HIPAA - PHI infraction?Register Today!
- by kacy6595 Dec 6, '11Are patient's last names on backs of wheelchairs compliant with HIPAA law? These patients propel their wheelchairs throughout the hospital and therapy gyms.
- Dec 6, '11 by Esme12no, it's their name and it would fall under incidental uses and disclosures
"incidental use and disclosure -- the final rule acknowledges that uses or disclosures that are incidental to an otherwise permitted use or disclosure may occur. such incidental uses or disclosures are not considered a violation of the rule provided that the covered entity has met the reasonable safeguards and minimum necessary requirements. for example, if these requirements are met, doctors' offices may use waiting room sign-in sheets, hospitals may keep patient charts at bedside, doctors can talk to patients in semi-private rooms, and doctors can confer at nurse's stations without fear of violating the rule if overheard by a passerby."
- Dec 6, '11 by madwife2002That is a good question!
I think as long as the pt knows and agree's it is informed consent, but if the patient is confused then we can assume they didn't give informed consent
I know wheelchairs get mixed up and misplaced so pt often want them labelled so it doesn't happen.
My pts often will tie something on the handles like a ribbon or a colorful mark on the back so that their chair is easily identifiable.
- Dec 6, '11 by thinkertdmIn order for HIPAA to be in effect, doesn't there need to be two things? Like an identification of some sort (such as a name) matched to protected health information? Surely you aren't claiming that using a wheelchair is indicative of health information? That's pretty much the most ridiculous thing I've ever heard.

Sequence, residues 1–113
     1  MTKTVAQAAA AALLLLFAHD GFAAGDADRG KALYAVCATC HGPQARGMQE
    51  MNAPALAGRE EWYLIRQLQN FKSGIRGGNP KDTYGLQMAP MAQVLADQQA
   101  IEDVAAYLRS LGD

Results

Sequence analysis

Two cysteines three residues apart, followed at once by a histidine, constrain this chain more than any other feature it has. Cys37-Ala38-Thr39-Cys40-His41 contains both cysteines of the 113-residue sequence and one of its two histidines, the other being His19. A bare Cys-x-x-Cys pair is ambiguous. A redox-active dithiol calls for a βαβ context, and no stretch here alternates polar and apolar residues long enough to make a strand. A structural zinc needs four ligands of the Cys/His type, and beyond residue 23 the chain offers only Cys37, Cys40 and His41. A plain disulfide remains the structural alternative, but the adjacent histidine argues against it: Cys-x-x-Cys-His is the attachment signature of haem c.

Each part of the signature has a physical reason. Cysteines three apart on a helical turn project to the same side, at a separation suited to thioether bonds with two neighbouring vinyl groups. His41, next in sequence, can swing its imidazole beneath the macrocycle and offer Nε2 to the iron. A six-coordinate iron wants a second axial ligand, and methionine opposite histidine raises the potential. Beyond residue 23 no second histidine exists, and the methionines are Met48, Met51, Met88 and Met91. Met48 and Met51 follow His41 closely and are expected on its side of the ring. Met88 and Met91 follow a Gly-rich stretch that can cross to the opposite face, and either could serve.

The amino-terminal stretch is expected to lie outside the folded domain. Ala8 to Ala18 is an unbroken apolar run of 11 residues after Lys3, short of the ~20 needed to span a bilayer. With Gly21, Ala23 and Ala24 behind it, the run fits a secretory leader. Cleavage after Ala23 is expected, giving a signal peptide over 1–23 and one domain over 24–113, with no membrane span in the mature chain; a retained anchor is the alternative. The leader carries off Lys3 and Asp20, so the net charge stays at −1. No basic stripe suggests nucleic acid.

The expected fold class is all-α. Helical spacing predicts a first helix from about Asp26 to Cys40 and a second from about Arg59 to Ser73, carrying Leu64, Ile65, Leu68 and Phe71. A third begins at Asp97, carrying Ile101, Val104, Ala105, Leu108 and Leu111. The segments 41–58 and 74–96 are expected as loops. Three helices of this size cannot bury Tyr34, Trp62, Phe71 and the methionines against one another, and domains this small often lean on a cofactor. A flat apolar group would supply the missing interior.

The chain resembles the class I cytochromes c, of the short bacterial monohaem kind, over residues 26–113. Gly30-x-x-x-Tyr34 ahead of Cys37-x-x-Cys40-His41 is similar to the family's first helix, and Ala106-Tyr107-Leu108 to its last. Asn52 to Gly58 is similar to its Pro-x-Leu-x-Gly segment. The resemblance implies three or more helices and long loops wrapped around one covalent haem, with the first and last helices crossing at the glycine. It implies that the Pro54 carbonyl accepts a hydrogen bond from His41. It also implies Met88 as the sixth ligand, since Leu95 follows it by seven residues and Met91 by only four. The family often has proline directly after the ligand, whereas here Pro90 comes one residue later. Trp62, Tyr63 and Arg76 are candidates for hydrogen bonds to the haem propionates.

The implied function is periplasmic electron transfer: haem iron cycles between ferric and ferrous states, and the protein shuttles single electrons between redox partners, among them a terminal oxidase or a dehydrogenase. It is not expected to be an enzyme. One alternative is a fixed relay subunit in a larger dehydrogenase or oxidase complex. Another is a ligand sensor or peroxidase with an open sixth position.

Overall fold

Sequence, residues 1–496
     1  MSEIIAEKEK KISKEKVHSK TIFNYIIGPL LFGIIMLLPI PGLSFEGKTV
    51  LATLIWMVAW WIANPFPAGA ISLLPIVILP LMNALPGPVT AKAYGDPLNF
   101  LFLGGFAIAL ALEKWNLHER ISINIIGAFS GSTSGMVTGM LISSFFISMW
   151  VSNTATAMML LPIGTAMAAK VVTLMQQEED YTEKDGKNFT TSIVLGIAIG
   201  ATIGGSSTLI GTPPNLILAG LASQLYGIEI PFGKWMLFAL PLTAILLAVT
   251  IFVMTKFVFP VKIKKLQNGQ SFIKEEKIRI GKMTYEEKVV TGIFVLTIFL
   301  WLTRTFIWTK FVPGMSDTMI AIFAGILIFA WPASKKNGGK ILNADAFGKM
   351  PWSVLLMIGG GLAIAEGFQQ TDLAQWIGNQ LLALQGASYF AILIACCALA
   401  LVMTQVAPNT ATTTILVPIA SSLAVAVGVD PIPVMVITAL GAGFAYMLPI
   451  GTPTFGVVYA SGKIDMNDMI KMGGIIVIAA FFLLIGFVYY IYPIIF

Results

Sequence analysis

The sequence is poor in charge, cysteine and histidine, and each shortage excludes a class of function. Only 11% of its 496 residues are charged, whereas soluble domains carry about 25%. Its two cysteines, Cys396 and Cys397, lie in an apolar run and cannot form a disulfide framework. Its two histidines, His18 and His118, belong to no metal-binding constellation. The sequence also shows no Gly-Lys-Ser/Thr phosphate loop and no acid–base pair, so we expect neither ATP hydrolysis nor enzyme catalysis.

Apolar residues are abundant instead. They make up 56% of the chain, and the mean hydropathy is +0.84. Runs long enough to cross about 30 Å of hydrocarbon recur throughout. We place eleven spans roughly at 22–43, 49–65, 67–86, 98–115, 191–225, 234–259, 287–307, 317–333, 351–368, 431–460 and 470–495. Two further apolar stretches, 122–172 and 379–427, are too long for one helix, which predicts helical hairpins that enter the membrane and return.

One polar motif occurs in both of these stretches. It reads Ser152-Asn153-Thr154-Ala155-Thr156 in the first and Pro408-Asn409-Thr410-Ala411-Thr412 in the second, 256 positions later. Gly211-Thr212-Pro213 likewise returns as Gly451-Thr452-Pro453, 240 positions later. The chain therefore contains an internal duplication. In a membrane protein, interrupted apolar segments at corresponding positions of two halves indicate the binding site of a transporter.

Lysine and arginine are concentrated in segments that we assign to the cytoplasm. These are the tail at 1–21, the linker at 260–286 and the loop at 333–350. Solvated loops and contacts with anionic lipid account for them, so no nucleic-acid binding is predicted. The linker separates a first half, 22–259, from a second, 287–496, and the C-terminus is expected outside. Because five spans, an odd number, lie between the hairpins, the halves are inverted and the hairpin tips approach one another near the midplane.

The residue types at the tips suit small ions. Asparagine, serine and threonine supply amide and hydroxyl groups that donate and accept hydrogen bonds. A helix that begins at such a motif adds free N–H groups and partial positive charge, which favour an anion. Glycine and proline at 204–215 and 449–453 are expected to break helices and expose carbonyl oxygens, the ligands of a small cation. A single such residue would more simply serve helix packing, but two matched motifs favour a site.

- Dec 6, '11 by kacy6595Please take care, thinkertdm. I've asked the question with trying to understand HIPAA law. Your comment "That's pretty much the most ridiculous thing I've ever heard" sounds like a put-down attempt. Not necessary.
I had wondered if the avoidance of the use of a patient name in a public hallway (and in this case - written) would be a 'reasonable safeguard' consideration.
Many thanks for your responses. Learning about HIPAA has been a most fascinating challenge.
- Dec 7, '11 by psu_213Quote from kacy6595Please don't be mad with me for saying this, but you need a bit of a thicker skin. I didn't look at this as a put down directed at you. Maybe I'm wrong, maybe it was. Either way, take it with a grain salt (and please, PLEASE don't fall back on 'lateral violence!')Please take care, thinkertdm. I've asked the question with trying to understand HIPAA law. Your comment "That's pretty much the most ridiculous thing I've ever heard" sounds like a put-down attempt. Not necessary.